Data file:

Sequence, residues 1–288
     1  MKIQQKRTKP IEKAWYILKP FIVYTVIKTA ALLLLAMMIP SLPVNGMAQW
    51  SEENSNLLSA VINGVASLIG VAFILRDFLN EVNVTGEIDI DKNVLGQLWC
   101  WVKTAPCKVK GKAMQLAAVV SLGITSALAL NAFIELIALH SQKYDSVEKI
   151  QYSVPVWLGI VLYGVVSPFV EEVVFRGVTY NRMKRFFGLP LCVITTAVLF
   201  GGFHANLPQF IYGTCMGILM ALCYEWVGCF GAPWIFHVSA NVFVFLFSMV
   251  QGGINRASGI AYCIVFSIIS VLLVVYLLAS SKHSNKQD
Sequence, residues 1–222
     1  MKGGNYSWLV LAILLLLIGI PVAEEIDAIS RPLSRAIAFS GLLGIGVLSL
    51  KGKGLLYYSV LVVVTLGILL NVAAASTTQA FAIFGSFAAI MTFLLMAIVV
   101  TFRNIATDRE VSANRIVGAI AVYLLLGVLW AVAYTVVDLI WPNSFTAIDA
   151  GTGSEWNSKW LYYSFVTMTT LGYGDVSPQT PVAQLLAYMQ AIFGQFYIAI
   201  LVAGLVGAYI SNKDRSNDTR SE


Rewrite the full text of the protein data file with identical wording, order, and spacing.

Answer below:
Sequence, residues 1–288
     1  MKIQQKRTKP IEKAWYILKP FIVYTVIKTA ALLLLAMMIP SLPVNGMAQW
    51  SEENSNLLSA VINGVASLIG VAFILRDFLN EVNVTGEIDI DKNVLGQLWC
   101  WVKTAPCKVK GKAMQLAAVV SLGITSALAL NAFIELIALH SQKYDSVEKI
   151  QYSVPVWLGI VLYGVVSPFV EEVVFRGVTY NRMKRFFGLP LCVITTAVLF
   201  GGFHANLPQF IYGTCMGILM ALCYEWVGCF GAPWIFHVSA NVFVFLFSMV
   251  QGGINRASGI AYCIVFSIIS VLLVVYLLAS SKHSNKQD
Sequence, residues 1–222
     1  MKGGNYSWLV LAILLLLIGI PVAEEIDAIS RPLSRAIAFS GLLGIGVLSL
    51  KGKGLLYYSV LVVVTLGILL NVAAASTTQA FAIFGSFAAI MTFLLMAIVV
   101  TFRNIATDRE VSANRIVGAI AVYLLLGVLW AVAYTVVDLI WPNSFTAIDA
   151  GTGSEWNSKW LYYSFVTMTT LGYGDVSPQT PVAQLLAYMQ AIFGQFYIAI
   201  LVAGLVGAYI SNKDRSNDTR SE